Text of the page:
ARKANSAS FOOTBALL:

UA hire all about wins, losses, dollars, cents

By: Tom Murphy
Published: Monday, November 26, 2012
Jeff Long's football hire will have a major financial impact on the university's overall athletic program.
Photo by Ryan McGeeney
Jeff Long's football hire will have a major financial impact on the university's overall athletic program.

— No decision at the University of Arkansas in 2012 is likely to have a larger financial impact than the one facing Athletic Director Jeff Long in the coming days.

The candidate Long hires as the next head coach for the Arkansas football program will impact the university on various levels: monetary contributions to the athletic program and possibly the university, future revenues generated by merchandising, ticket sales and bowl game appearances, and how the university is perceived by the rest of the nation.

“He’s got a huge task in front of him to find and select the new coach, and I think we’re going to know very soon,” said Mike Akin of Monticello, chairman of the UA Board of Trustees.

“I think the next hire is going to be extremely important, and I’m totally confident in Jeff,” said Ben Hyneman of Jonesboro, assistant secretary of the board.

Jane Rogers of Little Rock, vice chairman of the board, said the football coach hire is of the utmost importance, and she praised Long’s direction of the athletic department.

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“He’s gotten our program in top-notch shape all the way around,” Rogers said. “It would be a very appealing situation [for the next head coach].”

The CBS news magazine show 60 Minutes recently ran a segment on the escalating power of college football, which correspondent Armen Keteyian described as “an arms race in the college game, the likes of which the sport has never seen.”

In the piece, Keteyian made the case that increased revenues from TV contracts and other streams are keeping up with “skyrocketing coaches’ salaries” and other large expenses at only a fraction of the 125 universities that play in the Football Bowl Subdivision, the highest level in college athletics.

“You’ve got 125 of these programs, [and] out of 125, 22 of them were cash-flow even or cash-flow positive,” Michigan Athletic Director Dave Brandon told Keteyian. “What that means is you’ve got a model that’s not sustainable in most cases. ... The costs continue to go up.”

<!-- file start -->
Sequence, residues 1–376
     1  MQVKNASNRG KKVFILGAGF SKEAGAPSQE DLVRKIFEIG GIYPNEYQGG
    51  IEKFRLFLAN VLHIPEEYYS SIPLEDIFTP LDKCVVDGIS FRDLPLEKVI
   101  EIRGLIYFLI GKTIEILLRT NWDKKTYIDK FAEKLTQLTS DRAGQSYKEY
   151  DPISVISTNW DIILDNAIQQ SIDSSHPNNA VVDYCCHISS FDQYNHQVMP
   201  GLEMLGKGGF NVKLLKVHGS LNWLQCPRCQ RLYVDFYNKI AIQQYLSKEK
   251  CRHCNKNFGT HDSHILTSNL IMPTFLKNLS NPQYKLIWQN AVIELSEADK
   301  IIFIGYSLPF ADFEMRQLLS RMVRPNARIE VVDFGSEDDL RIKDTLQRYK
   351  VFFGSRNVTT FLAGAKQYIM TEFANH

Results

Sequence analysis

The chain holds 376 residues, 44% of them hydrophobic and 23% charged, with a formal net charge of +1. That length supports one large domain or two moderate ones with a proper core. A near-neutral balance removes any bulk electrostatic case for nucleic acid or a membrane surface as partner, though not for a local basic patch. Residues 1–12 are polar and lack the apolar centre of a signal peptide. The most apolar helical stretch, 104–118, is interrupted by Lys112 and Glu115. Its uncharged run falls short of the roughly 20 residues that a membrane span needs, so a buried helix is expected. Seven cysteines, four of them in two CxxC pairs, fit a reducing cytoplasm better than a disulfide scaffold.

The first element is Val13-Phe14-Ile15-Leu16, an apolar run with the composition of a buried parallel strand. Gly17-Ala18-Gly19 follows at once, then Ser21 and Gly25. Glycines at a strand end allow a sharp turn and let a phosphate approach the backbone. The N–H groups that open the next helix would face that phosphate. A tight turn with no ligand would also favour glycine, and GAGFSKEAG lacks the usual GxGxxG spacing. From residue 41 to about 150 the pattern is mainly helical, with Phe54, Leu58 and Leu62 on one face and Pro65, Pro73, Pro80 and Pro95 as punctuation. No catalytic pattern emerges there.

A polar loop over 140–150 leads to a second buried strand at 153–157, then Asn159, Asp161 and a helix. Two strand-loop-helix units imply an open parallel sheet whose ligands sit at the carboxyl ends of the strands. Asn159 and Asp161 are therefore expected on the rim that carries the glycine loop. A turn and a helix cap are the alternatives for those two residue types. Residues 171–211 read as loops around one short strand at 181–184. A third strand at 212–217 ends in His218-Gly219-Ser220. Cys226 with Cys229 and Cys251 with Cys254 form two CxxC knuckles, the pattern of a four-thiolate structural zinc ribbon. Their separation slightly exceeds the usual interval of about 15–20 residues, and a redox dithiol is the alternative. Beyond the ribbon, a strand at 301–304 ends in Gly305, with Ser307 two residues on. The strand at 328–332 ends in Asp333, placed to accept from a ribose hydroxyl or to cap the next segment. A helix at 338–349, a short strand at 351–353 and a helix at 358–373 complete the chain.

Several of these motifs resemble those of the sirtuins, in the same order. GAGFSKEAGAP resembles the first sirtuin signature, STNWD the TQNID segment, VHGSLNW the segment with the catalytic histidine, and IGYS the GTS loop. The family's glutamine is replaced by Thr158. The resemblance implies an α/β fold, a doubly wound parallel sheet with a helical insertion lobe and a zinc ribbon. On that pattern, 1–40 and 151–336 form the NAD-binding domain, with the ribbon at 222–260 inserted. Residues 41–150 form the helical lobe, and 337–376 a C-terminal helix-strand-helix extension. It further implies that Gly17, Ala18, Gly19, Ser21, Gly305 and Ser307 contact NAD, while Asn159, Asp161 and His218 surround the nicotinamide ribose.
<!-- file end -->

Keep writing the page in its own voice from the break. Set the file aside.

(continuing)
Arkansas, with an athletic department budget estimated at $75.6 million in the current fiscal year, is one of the programs that breaks even or better. Hiring the right football coach can be central to sustaining or raising revenues.

“I think every head coach that you hire is ... very important,” said Jim Lindsey, a former UA board member and key player on the Razorbacks’ 1964 national championship team. “And I trust the people making the decision. It’s their responsibility. They will be responsible for it. But at the same time, we do want them to have freedom to make it happen.”

Keteyian said the University of Alabama athletic department’s annual profits are now nearly triple from when Nick Saban took over the football team in 2007, which begs the question, is Saban’s salary of almost $5.5 million per year justified?

“Probably not,” Saban replied when asked by Keteyian if he was worth that much. “But I think the other side of that is ... what return has there been on that investment?”

Alabama has won Bowl Championship Series national championships in 2009 and 2011 under Saban, and the Crimson Tide are among three teams in the hunt for another one this season.

Long told an audience at the Little Rock Touchdown Club in October it would be an “irresponsible statement” to say Arkansas would make its coach the highest paid in college football. He did say Arkansas had the financial resources to attract a high level coach.

“I think when coaches have a chance to look at us and what we have to offer, they’re going to see, if they’re interested in a challenge, if they’re a competitor, if they want to play and beat the very best, we’ve got a lot to offer,” Long said at that appearance. “We’ve got the resources and the facilities and the team around them to be successful.”

Arkansas, in direct competition with Alabama in the SEC West, along with big spenders like LSU, Auburn, and now Texas A&M, wasn’t far from reaching the apex of college football just one season ago.

Consecutive seasons with records of 10-3 and 11-2, accompanied by lucrative berths in the Sugar Bowl and the Cotton Bowl, helped the Razorback Foundation push its fundraising and membership to record highs.

The race to keep up with the SEC West powers in fundraising and on-field performance has gotten more competitive with the 2012 addition of Texas A&M. Arkansas must also recover from a disaster of a football season, which included Long’s very public firing of Bobby Petrino after he fell from grace with a Harley-Davidson wreck that included football staffer Jessica Dorrell, with whom he had an inappropriate relationship, and a 4-8 season that tied for the most losses in school history.

Long gave an indication of where he thinks the program is headed during the topping off ceremony of the university’s $35 million football operations center in September.

Sports, Pages 13 on 11/26/2012

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